Qualifications Interview Questions

How to Answer Interview Questions About Your Qualifications For the Job

two men at table for job interview
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The purpose of a job interview is to demonstrate why you are the right person for the job. The best way to do that is to show how your skills, education, and experience have prepared you to do this job better than any other candidate under consideration. This means relating your qualifications to the job for which you’re being interviewed.

It's critical to show the hiring manager not just that you have the qualifications, but that you can apply them.

Go beyond simply reminding the interviewer of your relevant certifications, for example, or even the jobs you’ve held that have prepared you for this role. Be prepared to make a case for why your unique experience makes you the best choice.

The good news is that the hiring manager will most likely give you plenty of opportunities to demonstrate your aptitude for the role. Most job interviews involve a series of questions from the hiring manager, some trickier than others. Keep your ears open for questions about your qualifications, and be ready with responses that demonstrate why you’re a good fit.

Review typical job interview questions about your qualifications and practice your responses.

Interview Questions About Your Qualifications

    Are you a self-motivator? - Best Answers

    Do you prefer to work independently or on a team? - Best Answers

    How do you evaluate success? - Best Answers

    How do you handle stress and pressure? - Best Answers

    How do you plan to achieve those goals? - Best Answers

    How will your greatest strength help you perform? - Best Answers

    How would you describe yourself? - Best Answers

    If the people who know you were asked why you should be hired, what would they say?

Best Answers

    Is there anything else we should know about you? - Best Answers

    Tell me about yourself. - Best Answers

    What are you looking for in your next job? What is important to you? - Best Answers

    What are your goals for the next five years and 10 years? - Best Answers

    What can you contribute to this company? - Best Answers

    What do you find are the most difficult decisions to make? - Best Answers

    What experience do you have? - Best Answers

    What interests you about this job? - Best Answers

    What is your greatest strength? - Best Answers

    What motivates you? - Best Answers

    What type of work environment do you prefer? - Best Answers

    Why are you the best person for the job? - Best Answers

    Why do you want this job? - Best Answers

    Why do you want to work here? - Best Answers

    Why should we hire you? - Best Answers

Demonstrating Your Qualifications

In addition to describing your qualifications for the job, offer to demonstrate them. For example, if you're interviewing for a job that requires superior writing skills, demonstrate your qualifications by providing a writing sample. (However, if you provide a sample based on an assignment you completed for a previous employer, be sure you redact confidential or sensitive information.)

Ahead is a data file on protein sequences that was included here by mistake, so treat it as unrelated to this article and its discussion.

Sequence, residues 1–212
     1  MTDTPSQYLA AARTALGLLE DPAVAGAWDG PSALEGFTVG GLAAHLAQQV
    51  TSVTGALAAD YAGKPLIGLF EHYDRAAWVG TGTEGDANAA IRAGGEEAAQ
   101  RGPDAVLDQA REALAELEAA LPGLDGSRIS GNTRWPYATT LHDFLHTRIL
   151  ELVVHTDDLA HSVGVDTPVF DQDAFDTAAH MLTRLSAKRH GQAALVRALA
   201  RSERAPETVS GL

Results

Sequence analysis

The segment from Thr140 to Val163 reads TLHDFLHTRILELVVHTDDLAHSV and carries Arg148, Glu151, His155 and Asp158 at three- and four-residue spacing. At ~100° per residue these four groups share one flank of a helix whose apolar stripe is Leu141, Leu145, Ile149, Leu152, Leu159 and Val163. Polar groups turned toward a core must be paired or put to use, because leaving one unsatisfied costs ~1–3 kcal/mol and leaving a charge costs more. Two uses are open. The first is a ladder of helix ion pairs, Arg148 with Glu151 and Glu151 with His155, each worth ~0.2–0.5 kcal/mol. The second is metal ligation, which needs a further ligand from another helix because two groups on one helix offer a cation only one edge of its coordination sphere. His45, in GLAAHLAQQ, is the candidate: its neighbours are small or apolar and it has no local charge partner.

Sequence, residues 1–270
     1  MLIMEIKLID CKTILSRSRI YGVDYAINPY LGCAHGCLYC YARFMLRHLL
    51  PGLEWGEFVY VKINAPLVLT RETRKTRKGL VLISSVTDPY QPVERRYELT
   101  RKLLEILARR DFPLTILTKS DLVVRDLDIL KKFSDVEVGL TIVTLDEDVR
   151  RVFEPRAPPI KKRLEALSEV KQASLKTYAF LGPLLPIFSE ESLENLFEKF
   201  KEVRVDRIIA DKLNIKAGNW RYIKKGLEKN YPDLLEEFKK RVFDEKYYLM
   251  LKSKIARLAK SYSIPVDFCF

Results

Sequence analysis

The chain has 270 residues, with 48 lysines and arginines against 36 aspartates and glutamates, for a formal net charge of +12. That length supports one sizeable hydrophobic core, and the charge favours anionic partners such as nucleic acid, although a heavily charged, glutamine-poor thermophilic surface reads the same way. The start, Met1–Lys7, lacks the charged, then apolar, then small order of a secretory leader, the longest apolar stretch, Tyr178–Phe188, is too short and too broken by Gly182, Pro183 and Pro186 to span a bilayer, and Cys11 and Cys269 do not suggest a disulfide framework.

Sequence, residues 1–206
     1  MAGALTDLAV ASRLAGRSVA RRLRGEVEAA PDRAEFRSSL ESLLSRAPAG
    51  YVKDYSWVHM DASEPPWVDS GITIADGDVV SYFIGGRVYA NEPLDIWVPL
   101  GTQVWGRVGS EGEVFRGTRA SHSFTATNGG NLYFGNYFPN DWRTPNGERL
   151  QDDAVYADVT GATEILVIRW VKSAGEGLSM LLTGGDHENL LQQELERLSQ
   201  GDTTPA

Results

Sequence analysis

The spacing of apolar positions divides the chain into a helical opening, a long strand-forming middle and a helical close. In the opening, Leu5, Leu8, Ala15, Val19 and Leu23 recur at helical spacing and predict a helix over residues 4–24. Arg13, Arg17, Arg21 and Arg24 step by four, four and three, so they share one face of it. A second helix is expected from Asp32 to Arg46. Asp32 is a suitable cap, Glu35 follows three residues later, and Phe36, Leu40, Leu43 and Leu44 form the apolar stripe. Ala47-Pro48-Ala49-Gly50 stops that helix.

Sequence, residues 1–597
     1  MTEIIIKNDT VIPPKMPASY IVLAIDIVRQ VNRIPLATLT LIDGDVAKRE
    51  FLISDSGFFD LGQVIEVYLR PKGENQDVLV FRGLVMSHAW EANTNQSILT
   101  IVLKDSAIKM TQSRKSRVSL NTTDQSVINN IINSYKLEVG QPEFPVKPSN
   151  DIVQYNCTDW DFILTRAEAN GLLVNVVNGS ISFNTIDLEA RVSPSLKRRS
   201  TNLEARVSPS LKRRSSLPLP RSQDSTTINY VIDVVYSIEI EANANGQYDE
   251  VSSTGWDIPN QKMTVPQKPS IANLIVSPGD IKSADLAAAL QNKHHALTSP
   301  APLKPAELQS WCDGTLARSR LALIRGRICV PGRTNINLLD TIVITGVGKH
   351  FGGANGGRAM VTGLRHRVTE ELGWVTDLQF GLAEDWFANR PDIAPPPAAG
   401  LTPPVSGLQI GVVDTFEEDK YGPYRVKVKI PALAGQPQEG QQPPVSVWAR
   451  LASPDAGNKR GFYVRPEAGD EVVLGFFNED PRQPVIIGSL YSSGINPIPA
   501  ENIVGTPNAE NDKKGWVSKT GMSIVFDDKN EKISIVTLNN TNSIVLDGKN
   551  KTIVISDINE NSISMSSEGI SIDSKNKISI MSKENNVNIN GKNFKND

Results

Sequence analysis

Another example of demonstrating your qualifications is to explain to the interviewer what you hope to accomplish during your first 30 days or 60 days on the job. Expressing your future accomplishments can give the interviewer and hiring manager insight into the type of work you're capable of performing.

Tips for Answering Tricky Job Interview Questions

No matter how much you practice, you’re bound to get a curveball job interview question or two during the process. To prepare, practice your responses and keep these other tips in mind:

1. Listen.

One of the most common job interview mistakes is talking too much. Another is not paying attention to what the interviewer is saying. Both are functions of not engaging with the hiring manager.

Remember that a job interview is a conversation, not a monologue.

You’re there to connect with the other person, and that means really listening to what they have to say.

2. Take your time.

If you don’t know the answer to a question, or can’t come up with a response off the top of your head, take a moment. It will feel unnatural to you, like 30 seconds of pondering is actually half an hour of silence, but it’s much better to take a beat than to rush. It’s OK to ask for more information, clarification about what the hiring manager wants, or for a moment to cogitate. In fact, doing so may make you seem more confident and trustworthy.

3. Avoid negativity.

Don’t badmouth your old boss, coworkers, or company. To do so is to tell the hiring manager that you might turn on your new employer at any moment. Not exactly a selling point.

Further, be kind to yourself. If you’re someone who tends to beat yourself up a lot when you make a mistake or experience stress, know that and watch out for self-undermining behavior.

Remember that above all else, hiring managers are looking for people who will do good work as part of a team. Being positive during the process will show that you’re not only qualified to do the job, but to create an uplifting work environment for the group. 

More Interview Questions and Answers

More Interview Questions and Answers
Typical job interview questions and sample answers.

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